Mancetter, north Warwickshire, is a settlement along the Roman road of Watling Street. There is evidence that small quarry pits were dug during several periods in Mancetter’s past, so it is possible that the Romans may have used Mancetter stone to maintain Watling Street.
The first Ordnance Survey map in 1887 shows quarrying in the Mancetter area (highlighted in yellow). Eventually there would be three separate workings. These are now known as the Jubilee, Oldbury and Purley quarries. It also shows the local transport network. A tramway runs from the quarry north east to a wharf on the Coventry Canal (highlighted in blue). The canal was used for transporting materials from the quarry and is clearly visible, along with its tow path. Beyond the canal is the railway (now the West Coast Mainline), built in 1848, running from London to Glasgow.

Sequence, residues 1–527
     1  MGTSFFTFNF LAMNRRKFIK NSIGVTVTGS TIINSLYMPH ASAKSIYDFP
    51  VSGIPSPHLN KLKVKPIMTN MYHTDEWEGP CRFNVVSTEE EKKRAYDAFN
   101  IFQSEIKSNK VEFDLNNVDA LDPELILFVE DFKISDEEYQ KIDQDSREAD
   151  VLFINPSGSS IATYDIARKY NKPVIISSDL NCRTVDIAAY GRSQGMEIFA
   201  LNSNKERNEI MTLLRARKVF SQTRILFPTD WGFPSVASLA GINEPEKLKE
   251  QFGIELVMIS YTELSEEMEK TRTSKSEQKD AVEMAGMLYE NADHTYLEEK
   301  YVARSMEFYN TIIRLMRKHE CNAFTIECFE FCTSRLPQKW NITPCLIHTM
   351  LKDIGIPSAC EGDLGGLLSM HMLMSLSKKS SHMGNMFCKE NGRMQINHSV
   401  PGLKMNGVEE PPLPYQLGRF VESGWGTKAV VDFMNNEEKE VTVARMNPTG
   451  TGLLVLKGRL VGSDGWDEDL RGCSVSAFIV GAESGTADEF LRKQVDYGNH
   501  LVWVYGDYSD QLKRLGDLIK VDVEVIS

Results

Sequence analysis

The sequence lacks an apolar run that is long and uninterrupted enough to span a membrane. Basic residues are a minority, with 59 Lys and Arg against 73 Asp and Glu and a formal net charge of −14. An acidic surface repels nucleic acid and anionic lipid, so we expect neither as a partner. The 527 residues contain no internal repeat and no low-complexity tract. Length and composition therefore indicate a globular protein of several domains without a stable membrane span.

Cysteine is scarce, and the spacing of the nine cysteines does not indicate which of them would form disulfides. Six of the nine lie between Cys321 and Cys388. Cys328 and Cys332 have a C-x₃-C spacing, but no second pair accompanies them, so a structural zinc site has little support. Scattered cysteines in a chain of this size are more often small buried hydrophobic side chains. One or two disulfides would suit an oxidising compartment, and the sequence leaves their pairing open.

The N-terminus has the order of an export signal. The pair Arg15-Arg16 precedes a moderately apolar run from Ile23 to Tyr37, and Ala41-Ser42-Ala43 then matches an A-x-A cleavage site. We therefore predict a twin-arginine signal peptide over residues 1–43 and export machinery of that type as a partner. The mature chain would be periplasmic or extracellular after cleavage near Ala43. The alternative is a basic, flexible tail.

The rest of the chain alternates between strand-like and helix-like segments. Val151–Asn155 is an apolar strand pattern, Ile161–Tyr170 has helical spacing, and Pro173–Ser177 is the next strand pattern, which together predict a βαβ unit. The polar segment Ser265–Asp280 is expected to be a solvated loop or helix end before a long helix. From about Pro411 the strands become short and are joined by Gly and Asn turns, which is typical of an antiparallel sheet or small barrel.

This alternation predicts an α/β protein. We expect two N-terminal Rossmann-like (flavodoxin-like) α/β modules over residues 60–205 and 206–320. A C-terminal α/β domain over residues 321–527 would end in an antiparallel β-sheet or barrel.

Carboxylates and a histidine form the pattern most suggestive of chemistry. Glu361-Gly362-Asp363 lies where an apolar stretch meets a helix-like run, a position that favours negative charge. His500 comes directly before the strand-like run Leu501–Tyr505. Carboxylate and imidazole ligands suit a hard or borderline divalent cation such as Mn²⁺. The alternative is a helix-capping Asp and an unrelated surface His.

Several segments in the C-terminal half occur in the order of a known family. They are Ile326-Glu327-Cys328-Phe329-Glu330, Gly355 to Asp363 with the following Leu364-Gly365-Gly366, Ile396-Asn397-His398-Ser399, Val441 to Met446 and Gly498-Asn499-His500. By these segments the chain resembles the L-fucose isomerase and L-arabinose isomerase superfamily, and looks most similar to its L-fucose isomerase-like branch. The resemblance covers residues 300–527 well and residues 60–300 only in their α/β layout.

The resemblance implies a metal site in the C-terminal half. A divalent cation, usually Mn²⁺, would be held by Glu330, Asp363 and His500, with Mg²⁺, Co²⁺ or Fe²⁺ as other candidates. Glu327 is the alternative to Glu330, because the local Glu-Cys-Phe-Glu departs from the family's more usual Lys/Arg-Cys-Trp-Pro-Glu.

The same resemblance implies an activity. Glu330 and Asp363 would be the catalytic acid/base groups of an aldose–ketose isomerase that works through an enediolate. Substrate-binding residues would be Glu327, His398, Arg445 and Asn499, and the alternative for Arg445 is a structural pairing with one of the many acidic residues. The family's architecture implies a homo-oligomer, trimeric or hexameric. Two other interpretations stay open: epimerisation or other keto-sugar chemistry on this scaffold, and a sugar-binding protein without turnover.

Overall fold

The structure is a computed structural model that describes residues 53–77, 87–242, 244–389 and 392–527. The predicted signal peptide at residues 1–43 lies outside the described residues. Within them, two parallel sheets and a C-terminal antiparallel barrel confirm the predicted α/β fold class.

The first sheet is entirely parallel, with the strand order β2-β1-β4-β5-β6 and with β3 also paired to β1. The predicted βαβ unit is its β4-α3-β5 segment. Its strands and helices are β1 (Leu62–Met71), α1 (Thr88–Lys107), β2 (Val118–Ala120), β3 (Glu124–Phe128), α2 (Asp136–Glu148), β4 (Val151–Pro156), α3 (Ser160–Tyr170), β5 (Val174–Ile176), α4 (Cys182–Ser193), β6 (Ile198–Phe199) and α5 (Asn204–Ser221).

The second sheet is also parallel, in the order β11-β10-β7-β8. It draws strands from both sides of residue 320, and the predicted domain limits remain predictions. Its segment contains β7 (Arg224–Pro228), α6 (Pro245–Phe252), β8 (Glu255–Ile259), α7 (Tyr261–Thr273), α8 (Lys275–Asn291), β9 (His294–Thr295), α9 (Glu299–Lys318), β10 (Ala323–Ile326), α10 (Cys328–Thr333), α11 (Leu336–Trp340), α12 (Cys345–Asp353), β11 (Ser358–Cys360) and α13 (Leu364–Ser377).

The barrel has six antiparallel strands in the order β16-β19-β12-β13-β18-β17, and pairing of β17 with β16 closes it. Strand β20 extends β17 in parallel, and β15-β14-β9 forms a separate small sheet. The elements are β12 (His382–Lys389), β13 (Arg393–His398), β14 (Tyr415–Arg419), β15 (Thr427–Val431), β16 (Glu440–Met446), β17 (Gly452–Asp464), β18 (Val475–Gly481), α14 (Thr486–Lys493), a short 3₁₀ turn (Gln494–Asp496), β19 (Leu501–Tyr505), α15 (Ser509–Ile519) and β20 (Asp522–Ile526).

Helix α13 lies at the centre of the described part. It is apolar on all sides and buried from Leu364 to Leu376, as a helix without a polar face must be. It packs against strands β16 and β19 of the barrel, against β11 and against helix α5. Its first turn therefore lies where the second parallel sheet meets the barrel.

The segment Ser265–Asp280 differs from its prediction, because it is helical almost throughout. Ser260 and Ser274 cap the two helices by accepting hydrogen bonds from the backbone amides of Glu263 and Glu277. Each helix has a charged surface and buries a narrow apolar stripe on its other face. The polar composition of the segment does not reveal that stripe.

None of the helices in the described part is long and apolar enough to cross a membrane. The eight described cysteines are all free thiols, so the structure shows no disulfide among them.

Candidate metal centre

Mancetter Quarry is a source of Diorite which is a very hard granite like rock, often described as ‘salt and pepper’ because of its black and white colouring. The high skid resistance and durability of Diorite make it ideal for use in road building and maintenance.
Mancetter quarry is now worked by Tarmac who remove and process the Diorite rock. Crushed rocks, along with sands and gravels, are collectively known as aggregates
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